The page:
Pubdate: Mon, 06 Nov 2017
Source: Winnipeg Free Press (CN MB)
Copyright: 2017 Winnipeg Free Press
Author: Ryan Thorpe
Page: B1


Vendors hope to inform and educate

THOUSANDS of people streamed into Winnipeg's first-ever HempFest
Cannabis Expo this weekend to listen to presentations by industry
leaders and check out exhibits set up by cannabis and hemp businesses
from around the country.

More than 60 businesses tabled the expo, which was held Saturday and
Sunday at the RBC Convention Centre. Organizers estimated that about
15 per cent of the businesses were Manitoba-based.

"It's to give a platform for businesses to connect with people who are
hungry for information. Maybe they're interested in medical cannabis
and they don't know where to go or what to ask," event organizer Sacha
Hockenhull said.

"This provides a disarming environment where you can ask those
questions with industry professionals who know what they're talking
about. It also helps disarm some of the concerns of the public in
regards to what the industry is all about."

Walking into the expo, visitors could hear music drifting out from
speakers at one of the booths, and table after table of hemp- and
cannabis-related products lined the room. Everything from cannabis
paraphernalia to seeds, growing equipment, air purifiers, hemp
clothing and informational packets filled the displays.

At one of the vendor booths, Troy McDonald sat behind a table
glass-blowing a piece of paraphernalia. In front of him was a torch
with a flame extending four inches into the air, over which he worked
the glass, before blowing through a long tube to form and shape the

Hockenhull and his business partners began throwing HempFest Canada
Expos last year in Calgary. He said they were simply reacting to a gap
they saw in the market. Since then, they've expanded to Edmonton and
Winnipeg, and expect to see the events continue to grow in the coming

Around 3,000 people came out Saturday, which Hockenhull says was
consistent with turnout from past cannabis expos - except for this
year in Edmonton, where guest speaker Tommy Chong brought out a larger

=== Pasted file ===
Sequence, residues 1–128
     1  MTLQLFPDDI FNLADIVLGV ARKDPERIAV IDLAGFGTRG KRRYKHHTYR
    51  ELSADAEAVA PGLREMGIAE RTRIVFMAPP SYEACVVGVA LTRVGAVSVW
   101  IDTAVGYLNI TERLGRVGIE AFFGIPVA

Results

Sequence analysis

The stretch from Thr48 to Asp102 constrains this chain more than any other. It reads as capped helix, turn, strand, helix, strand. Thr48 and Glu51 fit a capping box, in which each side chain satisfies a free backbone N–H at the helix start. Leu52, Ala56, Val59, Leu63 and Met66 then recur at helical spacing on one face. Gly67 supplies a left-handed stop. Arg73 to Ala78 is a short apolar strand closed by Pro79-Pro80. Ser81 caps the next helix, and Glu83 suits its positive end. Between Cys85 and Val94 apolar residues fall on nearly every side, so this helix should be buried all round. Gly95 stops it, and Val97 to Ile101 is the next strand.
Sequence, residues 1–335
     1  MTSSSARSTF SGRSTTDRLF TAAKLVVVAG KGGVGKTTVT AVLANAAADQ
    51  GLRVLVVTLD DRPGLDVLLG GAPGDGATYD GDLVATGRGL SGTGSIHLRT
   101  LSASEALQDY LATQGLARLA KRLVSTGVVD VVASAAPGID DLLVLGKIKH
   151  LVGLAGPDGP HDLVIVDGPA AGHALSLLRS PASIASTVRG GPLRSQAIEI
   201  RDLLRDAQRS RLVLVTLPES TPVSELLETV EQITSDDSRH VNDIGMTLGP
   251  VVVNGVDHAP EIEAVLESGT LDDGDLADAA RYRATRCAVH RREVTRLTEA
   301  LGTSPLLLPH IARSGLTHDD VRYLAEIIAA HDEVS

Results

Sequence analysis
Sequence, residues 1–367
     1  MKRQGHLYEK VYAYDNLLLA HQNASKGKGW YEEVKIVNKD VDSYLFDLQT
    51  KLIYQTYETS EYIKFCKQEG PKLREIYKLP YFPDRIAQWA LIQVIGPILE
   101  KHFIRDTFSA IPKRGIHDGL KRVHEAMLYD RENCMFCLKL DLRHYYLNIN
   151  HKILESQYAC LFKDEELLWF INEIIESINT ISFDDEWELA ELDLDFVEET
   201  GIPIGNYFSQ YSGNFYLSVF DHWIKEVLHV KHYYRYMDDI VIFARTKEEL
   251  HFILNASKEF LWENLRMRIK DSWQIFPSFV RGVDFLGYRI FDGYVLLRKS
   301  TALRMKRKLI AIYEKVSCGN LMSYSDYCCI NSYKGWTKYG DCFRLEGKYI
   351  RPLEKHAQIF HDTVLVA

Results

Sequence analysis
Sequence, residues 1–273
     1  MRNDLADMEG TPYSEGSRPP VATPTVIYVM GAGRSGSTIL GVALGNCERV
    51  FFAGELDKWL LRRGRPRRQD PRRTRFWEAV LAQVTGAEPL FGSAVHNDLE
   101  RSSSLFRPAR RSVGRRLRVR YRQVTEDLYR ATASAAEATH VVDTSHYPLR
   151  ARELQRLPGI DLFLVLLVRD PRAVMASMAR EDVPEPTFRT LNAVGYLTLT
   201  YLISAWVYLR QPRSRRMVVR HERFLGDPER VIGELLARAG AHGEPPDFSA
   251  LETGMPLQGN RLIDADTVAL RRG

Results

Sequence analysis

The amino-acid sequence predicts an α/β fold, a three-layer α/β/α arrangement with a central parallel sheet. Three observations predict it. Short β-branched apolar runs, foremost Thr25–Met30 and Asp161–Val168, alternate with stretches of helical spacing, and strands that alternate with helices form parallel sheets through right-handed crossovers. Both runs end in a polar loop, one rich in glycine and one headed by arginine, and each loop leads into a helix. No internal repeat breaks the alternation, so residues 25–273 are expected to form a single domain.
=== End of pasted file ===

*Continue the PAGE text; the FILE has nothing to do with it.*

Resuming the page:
"We've already seen huge growth in Calgary. We expect to see the same
in Winnipeg. All the vendors here today, they're also growing with us,
and we're growing with them," he said.

One local organization attending was Veterans Alliance of Canada Inc.
(VAC), a newly formed Winnipeg-based support group for veterans. The
organization aids veterans in the process of obtaining medical
marijuana licences, while also offering up a wider support network for
their members.

"The government has failed veterans in terms of medication and
treatments. I was on 13 different prescriptions at one point,
including three opiates. It

Talmost killed me. Medical marijuana saved my life," said Andrew
Macleod, a 34-year veteran with the Canadian Armed Forces. VAC,
launched in May, recently moved into its first office building and
plans on being fully operational by next week. The group is a
non-profit, run by veterans for veterans. But Macleod - who serves as
co-director - stresses it'll never turn away anyone in need, veteran
or not.

The organization currently has a clientele of about 70 veterans. It
offers services ranging from helping people navigate getting a medical
marijuana licence, to informational sessions on what type of products
may help them, to yoga and support groups.

"There are people out there who don't have the education or
understanding about what's available to them. We try to be a one-stop
shop. If there's something we can do to help, anything, we're here for
them," Macleod said.

He hopes events like Winnipeg HempFest Cannabis Expo will help their
organization reach a wider audience and provide knowledge about the
industry that the public lacks.

It's a sentiment echoed by Hockenhull, who said many in the public
have misconceptions about what the industry is all about.

"People wonder: are we all a bunch of stoners or something? Well,
obviously not. If they come out, they'll see that everyone here is
very professional. It's a really well-run show. We're all business
people here," he said.

Presentations Sunday included a number of speeches given by industry
leaders, as well as a "cooking with cannabis" demonstration from local
chef Allan Pineda.

As people wandered through the venue, milling about tables, checking
out products and talking to business representatives, a cannabis
mascot stood outside the entrance, waving and welcoming newcomers as
they strode through the doors.

One person who came to check out the event was Ken Squire of Winnipeg,
the publisher of a new cannabis lifestyle magazine called Pineapple.

He explained that at trade shows such as the HempFest Cannabis Expo,
people are able to acquaint, or reacquaint, themselves with cannabis,
while ensuring they're getting accurate information.

"There are so many undiscovered audiences for this industry, whether
it's medical or recreational. People have to get comfortable with
cannabis. So how do you get comfortable with it?" Squire said.

"You could go to the internet, but there's too many alternative facts
and bad information. At trade shows like this, there's a lot more
credibility. We need to inform, educate and reacquaint people with
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